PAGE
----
There are a number of benefits of using a holding company in conjunction with an operating company including tax savings, to added creditor protection, to making a business more saleable.
The disadvantages of having a holding company include legal and accounting costs and the complexity associated with incorporating and maintaining the holding company.
In deciding on whether or not to use a holding company in an existing corporate structure, the shareholders must decide whether or not the various benefits outweigh the added costs and complexity involved. A full understanding of the potential benefits is key to making this decision as there will be some cases where a holding company may be quite beneficial and some cases where they may offer minimal benefit.
Tax Deferral and Income Splitting Opportunities
One of the more significant advantages of a holding company is the potential tax savings they may offer in the form of tax deferral and income splitting opportunities where this cannot be accomplished within the operating company itself. This can be the case where you have other shareholders who may not want your family members involved as shareholders and also because the other shareholders may have different goals on the distribution of surplus corporate funds. Having operating company shares owned through holding companies allows each individual shareholder to decide whether they want to flow the dividends paid out of the operating company through the holding company and out to themselves and possibly other family member/shareholders for income splitting purposes. Alternatively, they may want to leave some or all of the operating company dividends in the holding company to be reinvested without immediately triggering the personal tax liability. This allows flexibility with no impact on the operation or control of the operating company.
Profits from an active business earned inside an operating company are subject to a low corporate tax rate. These after corporate tax earnings can then be distributed to the shareholders in the form of dividends. If the dividends are received by an individual shareholder they are subject immediately to personal income taxes although such tax is reduced because of the corporate income tax already paid.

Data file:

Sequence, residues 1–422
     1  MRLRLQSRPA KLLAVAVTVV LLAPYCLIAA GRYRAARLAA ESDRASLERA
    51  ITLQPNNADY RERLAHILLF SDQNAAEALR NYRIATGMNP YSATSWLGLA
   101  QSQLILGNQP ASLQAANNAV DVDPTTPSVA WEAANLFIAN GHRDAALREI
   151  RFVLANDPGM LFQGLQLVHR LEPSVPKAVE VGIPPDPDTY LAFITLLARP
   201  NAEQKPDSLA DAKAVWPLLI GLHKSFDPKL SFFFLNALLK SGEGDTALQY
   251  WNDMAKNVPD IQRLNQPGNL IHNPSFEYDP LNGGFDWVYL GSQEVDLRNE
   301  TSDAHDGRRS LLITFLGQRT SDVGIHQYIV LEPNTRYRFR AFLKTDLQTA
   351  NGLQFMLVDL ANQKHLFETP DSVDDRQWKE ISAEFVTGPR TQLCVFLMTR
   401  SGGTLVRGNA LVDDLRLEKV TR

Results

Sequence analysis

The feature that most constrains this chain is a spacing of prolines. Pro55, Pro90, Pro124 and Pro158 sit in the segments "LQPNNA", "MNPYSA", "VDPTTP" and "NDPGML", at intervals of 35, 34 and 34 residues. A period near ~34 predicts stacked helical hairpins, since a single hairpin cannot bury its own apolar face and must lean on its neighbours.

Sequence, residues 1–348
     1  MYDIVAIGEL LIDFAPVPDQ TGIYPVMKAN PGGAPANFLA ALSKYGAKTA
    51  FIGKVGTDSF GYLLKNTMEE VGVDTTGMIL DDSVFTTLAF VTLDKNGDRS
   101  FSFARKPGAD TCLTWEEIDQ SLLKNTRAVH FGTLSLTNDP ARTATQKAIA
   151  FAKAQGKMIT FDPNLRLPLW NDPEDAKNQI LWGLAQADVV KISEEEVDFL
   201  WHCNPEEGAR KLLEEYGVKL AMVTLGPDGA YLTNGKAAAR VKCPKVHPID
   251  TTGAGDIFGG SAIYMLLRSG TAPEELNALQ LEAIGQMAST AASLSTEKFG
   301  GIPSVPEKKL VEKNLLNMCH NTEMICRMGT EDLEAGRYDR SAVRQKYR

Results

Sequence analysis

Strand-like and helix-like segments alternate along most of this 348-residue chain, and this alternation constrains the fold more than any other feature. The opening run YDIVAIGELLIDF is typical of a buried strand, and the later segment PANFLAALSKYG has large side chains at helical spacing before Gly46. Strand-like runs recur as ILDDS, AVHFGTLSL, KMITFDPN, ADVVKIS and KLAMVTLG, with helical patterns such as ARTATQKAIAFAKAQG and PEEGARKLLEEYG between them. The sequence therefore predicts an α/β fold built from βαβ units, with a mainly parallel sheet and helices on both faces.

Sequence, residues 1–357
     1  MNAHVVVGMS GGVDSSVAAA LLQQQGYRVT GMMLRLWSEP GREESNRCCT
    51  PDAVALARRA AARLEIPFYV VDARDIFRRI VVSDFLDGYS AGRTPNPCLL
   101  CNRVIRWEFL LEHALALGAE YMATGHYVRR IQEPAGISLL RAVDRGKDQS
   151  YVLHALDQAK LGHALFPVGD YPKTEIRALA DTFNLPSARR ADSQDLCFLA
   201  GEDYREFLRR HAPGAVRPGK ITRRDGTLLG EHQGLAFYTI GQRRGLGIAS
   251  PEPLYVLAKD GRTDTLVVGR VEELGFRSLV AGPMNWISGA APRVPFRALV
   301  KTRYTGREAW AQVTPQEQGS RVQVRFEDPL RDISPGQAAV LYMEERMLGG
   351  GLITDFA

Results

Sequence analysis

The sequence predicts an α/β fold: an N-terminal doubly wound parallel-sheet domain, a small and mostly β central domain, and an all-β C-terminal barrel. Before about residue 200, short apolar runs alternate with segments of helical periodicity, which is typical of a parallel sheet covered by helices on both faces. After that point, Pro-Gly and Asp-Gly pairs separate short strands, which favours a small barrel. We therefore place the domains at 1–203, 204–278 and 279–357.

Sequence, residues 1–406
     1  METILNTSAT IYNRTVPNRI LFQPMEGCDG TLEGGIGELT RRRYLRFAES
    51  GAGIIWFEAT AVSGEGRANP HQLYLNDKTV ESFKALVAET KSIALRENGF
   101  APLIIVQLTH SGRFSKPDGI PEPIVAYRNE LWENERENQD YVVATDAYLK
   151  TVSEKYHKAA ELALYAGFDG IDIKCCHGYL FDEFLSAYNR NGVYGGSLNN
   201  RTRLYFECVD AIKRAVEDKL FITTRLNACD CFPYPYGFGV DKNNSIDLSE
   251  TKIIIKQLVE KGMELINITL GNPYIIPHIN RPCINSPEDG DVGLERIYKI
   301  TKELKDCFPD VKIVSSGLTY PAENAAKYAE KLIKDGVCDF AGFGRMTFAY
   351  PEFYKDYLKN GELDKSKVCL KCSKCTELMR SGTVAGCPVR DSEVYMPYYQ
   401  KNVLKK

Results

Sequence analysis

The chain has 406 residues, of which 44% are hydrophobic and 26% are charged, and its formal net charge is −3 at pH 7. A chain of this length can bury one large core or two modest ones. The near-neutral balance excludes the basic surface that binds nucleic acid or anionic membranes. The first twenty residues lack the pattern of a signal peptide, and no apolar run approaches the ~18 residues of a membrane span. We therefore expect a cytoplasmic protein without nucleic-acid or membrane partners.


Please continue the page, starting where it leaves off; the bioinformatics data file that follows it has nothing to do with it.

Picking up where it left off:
If, instead, the dividends are received by a holding company, and assuming the “connected test” is met, i.e., the holding company owns more than 10% of the voting shares and more than 10% of the value of the operating company shares, the dividends will flow tax-free between the operating company and the holding company allowing the entire amount of the dividend to be reinvested on a pre-personal tax basis. In Saskatchewan, this will result in up to an additional 33.3% of funds available for reinvestment within the holding company, with the personal tax liability deferred until the funds are actually needed for personal use. The timing of the withdrawal of the funds from the holding company, again in the form of dividends, can be controlled by the individual shareholder and taken out years into the future on a gradual basis to benefit from both the tax deferral and potential tax savings if they or other family member/shareholders are in a lower tax bracket at that time.
The holding companies can usually invest in anything that an individual can. The corporate taxation rate on investment income is however significantly higher than on active business income.
Asset Protection and Easier Sale of the Business
Even in the case where the operating company shares may be owned by one shareholder or family unit, it may still be advisable to use a holding company, as opposed to the operating company, to accumulate and reinvest the excess earnings. One of the significant advantages in this case is asset protection. By having the excess earnings from the operating company paid up as a tax-free inter-corporate dividend and reinvested in the holding company, these assets are out of the reach of potential creditors and liability claims arising within the operating company.